21 Aug How the Modern Workplace Can Inhibit the Spread of the Flu
Some employers have increased their efforts to try to avoid the dreaded flu virus at the workplace. By incorporating an on-site flu-vaccination clinic at the work place, more employees take advantage of the vaccine, and the absentee rate during flu season goes down.
The influenza season can begin as early in October and last until April (or as late as May!) The CDC says that: “The outbreak of influenza costs businesses approximately $10.4 billion in direct costs for hospitalizations and outpatient visits each year.” The CDC also reports that, “An average of 5-20 percent of U.S. residents get the flu each year and more than 200,000 are hospitalized.”
What ages need a flu shot? The CDC recommends that everyone 6 months of age and older receive a flu vaccination. A flu shot is especially important for people with medical conditions such as heart disease, asthma or diabetes. Pregnant women and healthcare workers should get a flu shot, as well.
When should we get a flu shot? The best time to get the flu shot is before fall begins, so that you are prepared. “It takes about two weeks after being vaccinated for the immunity to build up.” Said Dr Koh
How can the flu impact the workplace? The flu’s impact on the workplace can be significant. Every year millions of people take time off if they have gotten the flu, or if family members have gotten it.
Health and safety measures advise employers to use this time to prepare flu-prevention programs to protect workers and reduce the transmission of the seasonal flu virus. According to the Occupational Safety and Health Administration (OSHA), companies should:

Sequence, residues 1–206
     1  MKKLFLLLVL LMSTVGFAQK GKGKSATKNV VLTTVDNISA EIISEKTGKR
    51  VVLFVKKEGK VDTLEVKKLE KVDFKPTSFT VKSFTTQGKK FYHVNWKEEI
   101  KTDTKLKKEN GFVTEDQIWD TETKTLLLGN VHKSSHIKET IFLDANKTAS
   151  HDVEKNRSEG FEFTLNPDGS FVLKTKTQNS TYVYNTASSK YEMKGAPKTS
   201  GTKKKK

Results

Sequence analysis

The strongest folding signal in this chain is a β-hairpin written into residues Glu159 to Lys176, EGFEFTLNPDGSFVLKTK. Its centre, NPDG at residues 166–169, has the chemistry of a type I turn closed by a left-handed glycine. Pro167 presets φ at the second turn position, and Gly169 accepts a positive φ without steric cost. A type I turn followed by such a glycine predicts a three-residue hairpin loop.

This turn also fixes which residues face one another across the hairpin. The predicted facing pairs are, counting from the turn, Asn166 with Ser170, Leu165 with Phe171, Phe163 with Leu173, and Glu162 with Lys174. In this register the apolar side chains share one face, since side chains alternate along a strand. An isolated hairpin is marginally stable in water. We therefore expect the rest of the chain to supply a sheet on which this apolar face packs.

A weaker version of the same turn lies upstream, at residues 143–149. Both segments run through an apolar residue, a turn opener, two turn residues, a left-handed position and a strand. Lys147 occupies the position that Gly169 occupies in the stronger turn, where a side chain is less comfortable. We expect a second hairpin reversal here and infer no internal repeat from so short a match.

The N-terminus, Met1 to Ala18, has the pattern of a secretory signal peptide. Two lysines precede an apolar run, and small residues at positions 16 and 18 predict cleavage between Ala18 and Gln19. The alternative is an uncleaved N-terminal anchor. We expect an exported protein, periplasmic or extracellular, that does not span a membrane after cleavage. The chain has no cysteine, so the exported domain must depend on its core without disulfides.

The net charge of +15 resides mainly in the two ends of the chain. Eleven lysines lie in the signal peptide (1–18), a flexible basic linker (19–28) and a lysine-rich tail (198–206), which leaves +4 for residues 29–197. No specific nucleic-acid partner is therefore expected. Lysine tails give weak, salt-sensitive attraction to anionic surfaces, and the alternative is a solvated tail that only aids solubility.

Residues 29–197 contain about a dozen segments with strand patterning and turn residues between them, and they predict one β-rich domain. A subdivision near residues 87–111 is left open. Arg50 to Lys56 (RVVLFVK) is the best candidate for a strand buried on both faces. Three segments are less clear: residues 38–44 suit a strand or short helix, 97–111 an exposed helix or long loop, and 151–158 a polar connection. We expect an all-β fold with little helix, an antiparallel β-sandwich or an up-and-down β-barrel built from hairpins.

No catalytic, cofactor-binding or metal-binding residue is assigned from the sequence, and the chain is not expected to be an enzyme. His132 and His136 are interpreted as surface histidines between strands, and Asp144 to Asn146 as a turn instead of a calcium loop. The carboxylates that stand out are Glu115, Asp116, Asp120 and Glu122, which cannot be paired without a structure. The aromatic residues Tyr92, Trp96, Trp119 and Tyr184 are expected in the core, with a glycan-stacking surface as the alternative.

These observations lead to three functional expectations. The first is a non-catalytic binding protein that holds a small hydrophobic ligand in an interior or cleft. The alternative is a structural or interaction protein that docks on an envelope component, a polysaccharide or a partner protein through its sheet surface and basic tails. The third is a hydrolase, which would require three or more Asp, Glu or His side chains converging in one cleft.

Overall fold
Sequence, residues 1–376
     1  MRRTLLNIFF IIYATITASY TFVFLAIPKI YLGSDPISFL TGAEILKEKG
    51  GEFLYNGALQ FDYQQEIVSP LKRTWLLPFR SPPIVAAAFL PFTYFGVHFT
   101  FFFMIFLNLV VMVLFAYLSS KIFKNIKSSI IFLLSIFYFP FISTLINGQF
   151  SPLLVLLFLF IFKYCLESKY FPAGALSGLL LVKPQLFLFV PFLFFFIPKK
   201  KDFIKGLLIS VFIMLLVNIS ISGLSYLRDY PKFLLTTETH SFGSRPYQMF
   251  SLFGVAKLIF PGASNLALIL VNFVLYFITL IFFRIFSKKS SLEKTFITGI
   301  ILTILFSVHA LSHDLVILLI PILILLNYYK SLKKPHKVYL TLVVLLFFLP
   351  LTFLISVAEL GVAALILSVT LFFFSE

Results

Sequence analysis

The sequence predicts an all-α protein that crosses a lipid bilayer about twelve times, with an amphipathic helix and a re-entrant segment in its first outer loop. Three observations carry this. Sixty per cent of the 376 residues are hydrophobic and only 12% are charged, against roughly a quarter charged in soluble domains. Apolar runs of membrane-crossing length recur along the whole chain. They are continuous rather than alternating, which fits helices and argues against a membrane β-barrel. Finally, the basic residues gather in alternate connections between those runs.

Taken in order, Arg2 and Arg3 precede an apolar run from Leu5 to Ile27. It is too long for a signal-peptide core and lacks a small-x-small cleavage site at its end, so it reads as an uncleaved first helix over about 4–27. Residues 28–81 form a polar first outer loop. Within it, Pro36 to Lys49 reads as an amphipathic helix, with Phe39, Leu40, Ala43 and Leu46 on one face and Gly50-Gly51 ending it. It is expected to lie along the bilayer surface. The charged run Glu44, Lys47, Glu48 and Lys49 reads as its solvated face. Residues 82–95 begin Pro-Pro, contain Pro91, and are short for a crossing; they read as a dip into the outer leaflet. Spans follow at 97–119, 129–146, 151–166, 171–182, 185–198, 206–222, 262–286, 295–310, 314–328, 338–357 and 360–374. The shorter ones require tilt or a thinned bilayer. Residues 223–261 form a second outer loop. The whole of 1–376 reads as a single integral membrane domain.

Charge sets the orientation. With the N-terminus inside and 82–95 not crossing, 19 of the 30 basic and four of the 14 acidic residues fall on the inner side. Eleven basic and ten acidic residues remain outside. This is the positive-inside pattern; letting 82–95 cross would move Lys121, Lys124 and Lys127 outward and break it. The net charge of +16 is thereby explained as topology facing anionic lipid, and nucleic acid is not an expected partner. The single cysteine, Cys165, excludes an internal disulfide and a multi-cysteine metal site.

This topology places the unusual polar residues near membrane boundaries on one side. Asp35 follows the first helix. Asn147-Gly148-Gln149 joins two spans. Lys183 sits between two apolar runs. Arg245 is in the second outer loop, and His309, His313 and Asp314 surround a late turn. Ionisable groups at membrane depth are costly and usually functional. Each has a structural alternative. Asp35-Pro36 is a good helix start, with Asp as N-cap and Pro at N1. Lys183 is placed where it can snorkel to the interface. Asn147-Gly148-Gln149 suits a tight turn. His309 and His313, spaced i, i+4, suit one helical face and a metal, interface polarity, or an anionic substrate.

- Promote the use of flu shots.
- Encourage sick workers to stay home.
- Promote hand washing and covering your cough, with signage at work.
- Educating people about the spread of the virus is also important.
Common misconceptions about the flu:
- A common misconception about the flu virus, is that the shot can give you the flu. This is not the case. Flu shots don’t give people the flu because it is not the live virus.
- Another common misconception about the shot, is that it always can prevent the flu virus. It cannot prevent the flu virus 100 percent of the time, but if you get sick after you were vaccinated, it will be milder than if you had not gotten the shot at all.
What you can do at your workplace to minimize the impact of the influenza virus:
- Consider an on-site flu-vaccination clinic at your workplace.
To minimize the impact of a flu outbreak at work, employers can offer workers onsite seasonal flu vaccination for a low fee. You can create a rotating schedule to maximize employee opportunities. If large companies can get on board, we can minimize the spread of the virus in our community.
- There could also be an allowance of time off for half a day, with proof of a flu vaccination shot.
*The vaccinations would need to be voluntary at the workplace. The Americans with Disabilities Act could prohibit the enforcement of a mandatory-vaccination policy. A collective bargaining agreement between an employer and a union may also prevent an organization from unilaterally instituting this type of policy.
Prevent the spread of the flu with proper germ control in the workplace. Employees should avoid shaking hands, or coming in close contact, with co-workers and others who may have a cold or the flu. As cold and flu season ramp up, common breeding grounds for germs can be telephones, elevator buttons, water fountains, computer keyboards, and bathroom faucets and door handles. Cleaning frequently touched surfaces is one way to cut down on the number of cold and flu germs that are passed from one co-worker to another.
For more ideas on employee benefits and benefit packages, go to http://www.synergybenefits.com/